Thursday, April 27, 2017

Silent Songbird by Melanie Dickerson

Silent Songbird is the seventh installment Melanie Dickerson's historical fairy-tale romance series, the Hagenheim series. Seventeen year old Evangeline lives in Berkhamsted Castle in Hertfordshire, England with her maid, Muriel. Evangeline is a ward of King Richard II who is her cousin. Her father was the king's deceased uncle, Lionel of Antwerp. She and Richard have been friends since they were children.

Evangeline decides to flee Berkhamsted Castle to avoid being forced to marry Lord Shiveley who is an older, trusted advisor of King Richard. Her appeal to Richard fails to move the king to change his mind. Determined to escape that night, Evangeline disguises herself as a peasant and flees with Muriel. They fall in with a group leaving the castle after selling wheat and other goods during the day. That group is led by a young nobleman, Westley le Wyse who is returning to his family's estate in Glynval. When he meets Evangeline and Muriel he agrees to allow them to travel with his group when Muriel tells him that Evangeline is mute as a result of an attack by her mistress.

On the journey to Glynval, the group encounters men on horseback, wearing the livery of Lord Shiveley and King Richard. They inform Westley's group that they are looking for two women, one of whom is tall and has red hair. Because the woman they are looking for is not mute like Eva, they tell Shiveley's men they have not seen the women.

When they arrive at Glynval they are taken to Westley's father's castle, which is much smaller than that of Berkhamsted Castle. Mistress Alice assigns Muriel who goes by the name of Mildred, to churn butter while Evangeline is sent to work in the fields, scything wheat. It soon becomes apparent that Evangeline is incapable of doing any menial tasks. Everything she is assigned, she is unable to do and usually ends in disaster. First she almost seriously wounds Reeve Folsham with the scythe. Westley intervenes and has Evangeline sent to the castle where Lady le Wyse assigns her to work under Golda, the head cook. Working with Sabina, Nicola, Berta and Cecily, Eva is unable to shell peas. She finds it difficult to draw water from the well and when sent to put the slop into the pigs' trough, Evangeline inadvertently allows the animals to escape. However, with Westley's help, they return the pigs to their pen.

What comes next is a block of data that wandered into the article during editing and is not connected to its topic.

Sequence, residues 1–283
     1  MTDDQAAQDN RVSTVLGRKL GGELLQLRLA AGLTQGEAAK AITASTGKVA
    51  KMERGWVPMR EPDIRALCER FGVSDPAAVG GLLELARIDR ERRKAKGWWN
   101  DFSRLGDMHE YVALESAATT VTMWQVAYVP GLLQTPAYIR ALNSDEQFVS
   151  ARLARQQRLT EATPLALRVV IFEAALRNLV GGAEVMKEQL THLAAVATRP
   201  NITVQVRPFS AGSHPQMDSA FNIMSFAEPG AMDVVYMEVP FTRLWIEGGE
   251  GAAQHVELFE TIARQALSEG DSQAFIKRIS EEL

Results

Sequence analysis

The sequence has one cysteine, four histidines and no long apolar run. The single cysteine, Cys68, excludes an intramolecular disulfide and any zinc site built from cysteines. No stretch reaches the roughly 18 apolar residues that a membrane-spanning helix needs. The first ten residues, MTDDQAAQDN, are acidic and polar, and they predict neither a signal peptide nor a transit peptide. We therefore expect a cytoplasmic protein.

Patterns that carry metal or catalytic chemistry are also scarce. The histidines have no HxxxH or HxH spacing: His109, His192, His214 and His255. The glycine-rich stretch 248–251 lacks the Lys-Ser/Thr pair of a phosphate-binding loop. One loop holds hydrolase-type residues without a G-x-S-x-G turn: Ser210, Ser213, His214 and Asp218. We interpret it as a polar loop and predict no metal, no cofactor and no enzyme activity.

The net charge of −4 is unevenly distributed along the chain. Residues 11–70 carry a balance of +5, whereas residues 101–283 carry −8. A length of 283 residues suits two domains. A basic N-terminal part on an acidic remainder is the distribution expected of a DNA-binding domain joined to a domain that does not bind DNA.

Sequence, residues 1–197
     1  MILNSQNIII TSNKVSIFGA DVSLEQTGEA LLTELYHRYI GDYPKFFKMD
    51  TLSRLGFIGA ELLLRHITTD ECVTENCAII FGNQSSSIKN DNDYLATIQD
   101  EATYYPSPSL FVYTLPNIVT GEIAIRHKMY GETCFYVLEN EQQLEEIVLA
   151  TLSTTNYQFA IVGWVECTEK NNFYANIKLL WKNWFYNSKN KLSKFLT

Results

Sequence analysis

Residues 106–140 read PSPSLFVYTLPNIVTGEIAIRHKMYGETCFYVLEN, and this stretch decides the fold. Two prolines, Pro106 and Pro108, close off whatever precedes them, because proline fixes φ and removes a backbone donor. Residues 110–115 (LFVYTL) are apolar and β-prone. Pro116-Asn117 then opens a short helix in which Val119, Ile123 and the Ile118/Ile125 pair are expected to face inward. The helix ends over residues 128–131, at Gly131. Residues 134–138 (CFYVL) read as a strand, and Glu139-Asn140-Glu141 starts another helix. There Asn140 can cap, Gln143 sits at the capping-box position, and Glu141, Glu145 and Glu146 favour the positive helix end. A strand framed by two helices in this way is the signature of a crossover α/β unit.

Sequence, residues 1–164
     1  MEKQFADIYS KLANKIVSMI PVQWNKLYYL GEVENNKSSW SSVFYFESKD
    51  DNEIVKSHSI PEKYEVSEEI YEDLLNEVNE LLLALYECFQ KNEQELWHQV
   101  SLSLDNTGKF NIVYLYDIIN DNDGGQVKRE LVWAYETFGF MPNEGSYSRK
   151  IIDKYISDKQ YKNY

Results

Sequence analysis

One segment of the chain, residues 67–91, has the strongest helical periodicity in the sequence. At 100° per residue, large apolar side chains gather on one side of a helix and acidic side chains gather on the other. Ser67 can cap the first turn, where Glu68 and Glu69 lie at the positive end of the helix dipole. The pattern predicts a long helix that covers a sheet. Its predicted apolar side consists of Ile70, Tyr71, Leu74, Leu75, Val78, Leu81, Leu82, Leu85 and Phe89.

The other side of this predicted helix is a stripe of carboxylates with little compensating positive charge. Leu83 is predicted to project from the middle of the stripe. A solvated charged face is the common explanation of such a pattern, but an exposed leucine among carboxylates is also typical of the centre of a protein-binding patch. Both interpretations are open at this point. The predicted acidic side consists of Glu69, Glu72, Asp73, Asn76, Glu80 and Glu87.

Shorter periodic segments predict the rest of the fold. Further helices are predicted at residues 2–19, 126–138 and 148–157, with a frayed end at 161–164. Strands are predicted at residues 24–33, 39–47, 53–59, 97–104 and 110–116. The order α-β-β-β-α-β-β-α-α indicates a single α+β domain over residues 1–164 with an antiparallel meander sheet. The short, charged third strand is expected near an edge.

Westley wants to know more about Eva's injury to her voice. He tells her that his friend, John Underhill's father was killed during the peasant uprising. Westley's father gave his servants a decent wage and lessened their work hours while John's father did not. John is angry as Westley and his father, Lord le Wyse and blames them for his father's death. Eva gets Westley to understand that she can read and write and this leads him to invite her to the castle that night to read the Bible together.

Muriel attempts to convince Evangeline to return to Hertfordshire, telling her it is her duty to marry whomever the king chooses, but she refuses. Evangeline hands have become badly blistered and it is Westley who treats them with a special salve made by his mother. Given the day off, she wanders along the bank of the river and is witness to Westley being attacked by two men. He is struck on the head and falls into the river. Evangeline rescues him and unable to pull him out, begins screaming for help. Sabina, the miller's daughter arrives to help and is astonished that Evangeline can speak. Together they along with several men get Westley back to the manor house. Sabina who intends to marry Westley, threatens to reveal Evangeline's secret if she takes credit for his rescue.